The most recent rendering of the District Square project. | Via department of city planning
The coalition argues that the market-rate apartments “will lead to rent increases” in the neighborhood
Two appeals have been filed against plans for District Square, a development that would bring more than 570 apartments, 934 parking spaces, shops, a grocery store, and restaurants to a 6-acre site near the Expo Line.
Originally planned as a large retail center with a Target, the development at Exposition and Crenshaw boulevards has been beset by delays. It was approved in 2010, and was expected to be complete in 2013. In preparation, a Ralphs that was on the site was demolished. The site now sits empty.
Last year, it resurfaced as a larger project with almost triple the residential units that had been proposed in a 2015 version of the plan. In June, the planning department issued a determination letter for the project, a final step in the city’s approvals process.
Its owner is listed as District Square, an LLC linked to Arman Gabay and Mark Gabay, co-founders of the West Hollywood-based development firm Charles Company. Mark Gabay is listed as the property owner and applicant on city planning documents.
The developer’s legal problems are noted in an appeal filed by the Crenshaw Subway Coalition, which takes issue with allowing the project to proceed in light of the bribery allegations.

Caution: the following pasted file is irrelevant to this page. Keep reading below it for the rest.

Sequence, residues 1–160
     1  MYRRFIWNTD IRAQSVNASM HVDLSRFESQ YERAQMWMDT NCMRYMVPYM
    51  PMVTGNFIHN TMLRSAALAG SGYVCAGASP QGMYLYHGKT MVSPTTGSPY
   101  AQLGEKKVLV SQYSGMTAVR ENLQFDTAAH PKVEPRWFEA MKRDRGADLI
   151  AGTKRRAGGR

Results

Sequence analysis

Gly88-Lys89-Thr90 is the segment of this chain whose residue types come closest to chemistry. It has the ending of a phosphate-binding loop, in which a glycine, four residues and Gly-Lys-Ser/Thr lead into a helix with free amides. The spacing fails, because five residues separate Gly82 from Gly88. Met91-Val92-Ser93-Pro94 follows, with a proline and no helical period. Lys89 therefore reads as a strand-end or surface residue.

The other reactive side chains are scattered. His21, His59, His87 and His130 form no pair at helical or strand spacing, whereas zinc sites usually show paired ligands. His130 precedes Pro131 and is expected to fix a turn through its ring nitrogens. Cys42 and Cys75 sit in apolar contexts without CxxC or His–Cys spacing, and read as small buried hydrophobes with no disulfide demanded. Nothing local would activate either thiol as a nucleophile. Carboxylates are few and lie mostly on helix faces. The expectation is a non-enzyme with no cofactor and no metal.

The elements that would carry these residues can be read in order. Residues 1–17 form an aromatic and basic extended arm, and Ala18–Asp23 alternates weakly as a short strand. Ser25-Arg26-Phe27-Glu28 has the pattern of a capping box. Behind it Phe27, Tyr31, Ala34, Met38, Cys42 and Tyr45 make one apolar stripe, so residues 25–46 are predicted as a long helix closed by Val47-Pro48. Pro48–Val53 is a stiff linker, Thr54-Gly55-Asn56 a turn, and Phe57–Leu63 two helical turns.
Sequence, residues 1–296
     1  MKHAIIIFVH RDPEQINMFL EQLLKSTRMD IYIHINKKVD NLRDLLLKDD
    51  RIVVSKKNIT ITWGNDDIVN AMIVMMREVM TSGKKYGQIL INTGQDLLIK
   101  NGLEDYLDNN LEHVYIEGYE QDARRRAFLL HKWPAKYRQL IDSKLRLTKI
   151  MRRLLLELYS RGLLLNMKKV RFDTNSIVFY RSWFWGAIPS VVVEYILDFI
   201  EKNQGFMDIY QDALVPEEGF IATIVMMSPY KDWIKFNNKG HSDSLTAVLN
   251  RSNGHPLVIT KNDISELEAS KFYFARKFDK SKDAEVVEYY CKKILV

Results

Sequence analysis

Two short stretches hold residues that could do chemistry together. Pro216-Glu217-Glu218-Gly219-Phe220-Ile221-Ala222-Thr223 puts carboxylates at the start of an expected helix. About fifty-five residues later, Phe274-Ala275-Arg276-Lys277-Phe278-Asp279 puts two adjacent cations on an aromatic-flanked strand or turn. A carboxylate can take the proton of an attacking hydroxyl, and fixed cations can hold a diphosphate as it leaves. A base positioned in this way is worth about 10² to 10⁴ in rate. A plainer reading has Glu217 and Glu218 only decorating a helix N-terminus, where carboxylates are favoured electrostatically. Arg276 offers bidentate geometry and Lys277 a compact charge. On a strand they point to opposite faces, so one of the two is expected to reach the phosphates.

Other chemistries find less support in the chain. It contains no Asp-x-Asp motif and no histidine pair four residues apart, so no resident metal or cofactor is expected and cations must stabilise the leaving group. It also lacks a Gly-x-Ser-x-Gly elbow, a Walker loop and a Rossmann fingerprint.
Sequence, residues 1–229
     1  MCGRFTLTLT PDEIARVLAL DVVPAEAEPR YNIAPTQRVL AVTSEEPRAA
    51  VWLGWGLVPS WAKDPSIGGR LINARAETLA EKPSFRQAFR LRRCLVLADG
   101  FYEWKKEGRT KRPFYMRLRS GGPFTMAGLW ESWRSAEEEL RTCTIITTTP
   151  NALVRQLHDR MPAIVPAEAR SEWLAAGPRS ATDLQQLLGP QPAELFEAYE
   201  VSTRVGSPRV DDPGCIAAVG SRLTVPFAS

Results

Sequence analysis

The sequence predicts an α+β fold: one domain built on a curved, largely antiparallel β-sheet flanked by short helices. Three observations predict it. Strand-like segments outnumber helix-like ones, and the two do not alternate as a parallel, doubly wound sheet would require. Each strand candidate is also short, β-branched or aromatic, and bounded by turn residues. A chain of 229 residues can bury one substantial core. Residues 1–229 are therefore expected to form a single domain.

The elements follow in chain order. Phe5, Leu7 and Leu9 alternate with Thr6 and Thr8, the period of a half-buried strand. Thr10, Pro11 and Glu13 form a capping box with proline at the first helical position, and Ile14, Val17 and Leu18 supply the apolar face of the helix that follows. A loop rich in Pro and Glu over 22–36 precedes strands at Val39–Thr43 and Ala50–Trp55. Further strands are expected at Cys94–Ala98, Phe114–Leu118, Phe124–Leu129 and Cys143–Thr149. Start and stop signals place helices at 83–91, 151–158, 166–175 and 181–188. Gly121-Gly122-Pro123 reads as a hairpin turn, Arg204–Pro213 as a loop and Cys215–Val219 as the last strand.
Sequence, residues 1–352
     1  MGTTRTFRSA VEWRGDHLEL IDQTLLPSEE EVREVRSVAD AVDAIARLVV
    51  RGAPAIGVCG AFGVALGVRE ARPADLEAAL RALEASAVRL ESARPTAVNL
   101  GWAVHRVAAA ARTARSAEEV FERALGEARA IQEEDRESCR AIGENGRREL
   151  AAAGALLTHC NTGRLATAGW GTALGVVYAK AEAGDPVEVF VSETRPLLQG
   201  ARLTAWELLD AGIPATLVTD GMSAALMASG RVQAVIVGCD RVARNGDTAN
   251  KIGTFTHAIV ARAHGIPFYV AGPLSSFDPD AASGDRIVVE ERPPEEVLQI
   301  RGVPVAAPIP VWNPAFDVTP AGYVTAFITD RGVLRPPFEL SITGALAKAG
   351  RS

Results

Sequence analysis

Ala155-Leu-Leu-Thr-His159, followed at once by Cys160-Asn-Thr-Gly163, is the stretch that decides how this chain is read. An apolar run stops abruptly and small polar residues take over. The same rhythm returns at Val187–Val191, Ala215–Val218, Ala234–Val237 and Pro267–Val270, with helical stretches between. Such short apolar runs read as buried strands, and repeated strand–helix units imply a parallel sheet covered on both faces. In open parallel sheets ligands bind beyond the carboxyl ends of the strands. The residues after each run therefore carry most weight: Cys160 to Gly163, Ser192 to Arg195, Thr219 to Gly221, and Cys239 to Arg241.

The coalition is also concerned about the creation of 577 market-rate units in the neighborhood—units which are “unaffordable to area residents” and “will lead to rent increases that [will] make living unaffordable.”
When the project first emerged, it was solidly supported by Los Angeles City Councilmember Herb Wesson, who represents the area. The Times reported that in 2012, the councilmember worked to secure $6 million in loans from the city for the project.
But as time passed with no movement on the site, Wesson’s approach to the project changed. Wesson told the Times in May that “the developer should get out of the way, so the city or another developer can deliver a mixed-use project the community wants and expects.”
Sophie Gilchrist, Wesson’s communications deputy, tells Curbed that the councilmember’s office has not had conversations with the developer or worked with it on the project in the last 12 months.